If you are one of the unfortunate fellows to live in one of the four states which require a license, there are a few steps that lead to you getting on the water. There are different requirements for each state, but we’ll get into them here so you know how to get on the water and enjoy it.
For the Alabama Yellowhammers, boat-lovers that were 40 years old by April 28, 1994 do not need a license. Otherwise, the first step is to register your boat. If you just bought a new one, it must be registered within 72 hours while a currently registered used boat must be registered within 15 days. After completing the registration application, you must find a previous registration and bill of sale. Without that, you must need an affidavit with the purchase price depending on which county you reside. The next step is to gather the money needed for the registration fee which depending on the length of your boat can extend from $18 to $98. Visit your local probate judge’s office or the license commissioner’s office and obtain a boating certificate. Once that is taken care of, you need to take a course. There are a few ways to do this: you can take one by an approved third-party provider, taking one from the U.S. Coastguard, or taking a written one at the DMV.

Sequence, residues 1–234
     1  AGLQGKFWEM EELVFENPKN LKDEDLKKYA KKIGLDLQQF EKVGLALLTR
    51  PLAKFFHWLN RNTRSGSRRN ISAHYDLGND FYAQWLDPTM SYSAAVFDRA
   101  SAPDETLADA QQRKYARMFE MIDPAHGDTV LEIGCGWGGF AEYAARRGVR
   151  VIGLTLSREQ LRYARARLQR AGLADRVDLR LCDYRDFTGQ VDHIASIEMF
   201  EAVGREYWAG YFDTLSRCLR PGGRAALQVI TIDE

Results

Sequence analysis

If you are a resident of Delaware, the same steps apply except the registration fee can range from $10 to $180 depending on the length of the boat and the time span of registration (which can be chosen between 1 and 3 years). You can always renew your registration online by just sending in your payment information. The difference between the two states is that in Delaware, if you own a water craft of any kind, you must register it even if it is a tiny jet ski. However, if you were born any time before January 1, 1978, you are exempt from doing any of this.
In Georgia, a license is required for anyone between 12 and 15 years old driving a boat. If you’re in that boat, you must have an adult accompany you unless you are 13-15 years old, then you can operate a boat less than 16 ft. long with a class A license. If you are 13-15 years of age, you must also complete a boating safety course before you can obtain that class A license.
If you are a Mississippi resident and you were born after June 29, 1980, you must obtain a license. Though, in this state, it is called a Boater Education Card indicating that you mastered a safety course. In order to obtain it, you must take a safety course that is a minimum of 6 hours as well as pass the exam afterward with an 80% or higher. After that, you can print a temporary card and get a permanent one in a few weeks.
None of these states require boating insurance, but of course, they all do recommend it. They all require you to be at least 12 years old however, and without a license, some need you to have an adult present. If you are an avid boater in one of these states, good luck getting your license.